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Here's how to use data to fill out a winning March Madness bracket

How many No. 1 seeds should be in your Final Four? And should you dare to pick a 16-seed to win an upset? Here's what the data says.

SPOKANE, Wash. — No, you're probably not going to fill out a perfect March Madness bracket this year. Or any year. Ever. The odds of picking a perfect tournament bracket are 1 in 9,223,372,036,854,775,808. That's 9.2 quintillion.

But if you're looking for a boost to keep your bracket from busting during this year's NCAA Tournament, there are plenty of helpful statistics to help you get started.

Tip #1: Don't get cute, pick 1-seeds to beat 16-seeds

In 2018, there was a collective shock around the world of college basketball, as the 16-seeded University of Maryland, Baltimore County pulled off a massive upset against 1-seeded Virginia, who was also ranked as the top overall team heading into the tournament.

It was the first, and only, time that a 16-seed has pulled off such a feat. No. 1 seeds are historically 139-1 in the opening round matchups.

Managing how far your No. 1 seeds advance is one of the most important parts of filling out any March Madness bracket, so even though you'll look brilliant for correctly picking a 16-seed upset, it's just too risky to play those kinds of odds and realistically hope to win.

But even though you should advance your 1-seeds past their first game this year, that doesn't mean you should automatically send them all the way.

Tip #2: Avoid picking all of the 1-seeds to make the Final Four

In 2008, the tournament's Final Four included four 1-seeds: Kansas, Memphis, North Carolina and UCLA.

That year marks the only time all four 1-seeds have advanced that far, since the tournament field expanded to 64 teams in 1985.

So how many 1-seeds should you advance into your Final Four?

Three or more 1-seeds have only occupied the Final Four five times, so about 15%.

And if you're thinking of dropping all of your 1-seeds out of the tournament before the Final Four, that's only happened twice since 1985.

The sweet spot seems to be in the strategy of picking just one 1-seed to advance (41% of the time) or two 1-seeds to advance (38% of the time). 

But even with all of that in mind, remember: it's called March Madness for a reason.

Tip #3: Embrace the madness, let yourself pick some upsets

It's arguably the most fun part of any March Madness tournament: an unexpected underdog surges past the odds-on favorites, blazing a trail into the deeper rounds of the event.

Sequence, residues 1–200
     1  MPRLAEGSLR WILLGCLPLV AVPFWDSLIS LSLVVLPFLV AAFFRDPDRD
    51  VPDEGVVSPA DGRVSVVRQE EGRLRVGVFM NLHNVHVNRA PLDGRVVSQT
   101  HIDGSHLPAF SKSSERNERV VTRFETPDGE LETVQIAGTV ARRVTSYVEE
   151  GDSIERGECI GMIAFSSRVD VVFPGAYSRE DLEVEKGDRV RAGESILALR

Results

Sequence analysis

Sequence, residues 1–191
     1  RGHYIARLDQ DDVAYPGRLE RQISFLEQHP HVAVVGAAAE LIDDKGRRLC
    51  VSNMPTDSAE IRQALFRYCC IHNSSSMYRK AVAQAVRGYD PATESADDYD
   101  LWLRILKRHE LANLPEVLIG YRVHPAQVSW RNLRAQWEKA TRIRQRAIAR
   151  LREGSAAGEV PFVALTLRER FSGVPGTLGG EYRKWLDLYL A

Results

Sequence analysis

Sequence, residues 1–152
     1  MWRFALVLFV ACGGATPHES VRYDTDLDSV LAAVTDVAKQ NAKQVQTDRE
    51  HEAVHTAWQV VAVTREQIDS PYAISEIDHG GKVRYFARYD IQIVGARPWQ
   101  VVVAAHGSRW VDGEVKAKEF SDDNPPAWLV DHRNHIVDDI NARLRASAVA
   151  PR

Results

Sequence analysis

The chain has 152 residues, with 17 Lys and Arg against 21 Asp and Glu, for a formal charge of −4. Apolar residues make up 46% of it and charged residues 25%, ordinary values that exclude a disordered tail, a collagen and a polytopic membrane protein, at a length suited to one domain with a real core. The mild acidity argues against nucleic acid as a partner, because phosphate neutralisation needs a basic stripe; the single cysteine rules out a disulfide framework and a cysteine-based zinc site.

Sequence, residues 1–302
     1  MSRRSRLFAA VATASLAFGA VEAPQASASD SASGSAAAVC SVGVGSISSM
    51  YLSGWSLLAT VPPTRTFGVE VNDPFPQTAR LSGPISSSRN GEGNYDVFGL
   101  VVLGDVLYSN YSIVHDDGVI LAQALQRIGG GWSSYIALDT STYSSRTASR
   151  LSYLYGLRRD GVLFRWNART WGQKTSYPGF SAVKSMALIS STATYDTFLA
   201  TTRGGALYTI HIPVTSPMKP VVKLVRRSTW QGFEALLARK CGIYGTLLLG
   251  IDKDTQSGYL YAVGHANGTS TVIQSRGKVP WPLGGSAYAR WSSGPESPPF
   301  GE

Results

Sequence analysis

They're called the "Cinderella" teams, and your perfect upset pick might force your office-mates and coworkers to rip up their brackets in frustration.

So how do you pick a proper Cinderella, upset team?

Yes, you could pick a colossal upset of a 14-seed beating a 3-seed, or even push your luck further with a wild 15-seed upset over a 2-seed.

But the statistics show the best match-ups to find your Cinderella story is in these three matchups: 5 vs. 12, 6 vs. 11 and 7 vs. 10.

Since 1985, 12-seeds have pulled a first-round upset 34.6% of the time, 11-seeds have won the first-round match-ups 37.5% of the time, and 10-seeds have advanced past the 7-seeds 38.2% of the time.

To put it simply, more than one-third of the time these matches can produce an unexpected underdog, so follow the stats and feel comfortable scouring those match-ups for 3-5 upsets this year.

Tip #4: Control your chaos

Now that you've sent your 1-seeds past your 16-seeds, picked a few "Cinderellas" and started to find some very interesting match-ups in your bracket, let's be sure to set realistic expectations for our continually-decreasing field of basketball teams.

For example, do you plan on pushing your 10-seeded Cinderella all the way to the championship?

That's where you might want to pump the brakes: lower-seeded teams don't traditionally take home championship glory.

The lowest-seeded team to ever win the NCAA men's basketball tournament was the 8-seeded Villanova, back in 1985.

There's also only been one 7-seed champion, one 6-seed champion and one 4-seed champion. No 5-seed has ever won it all.

Save your championship spot for those No. 1, 2 and 3 seeds.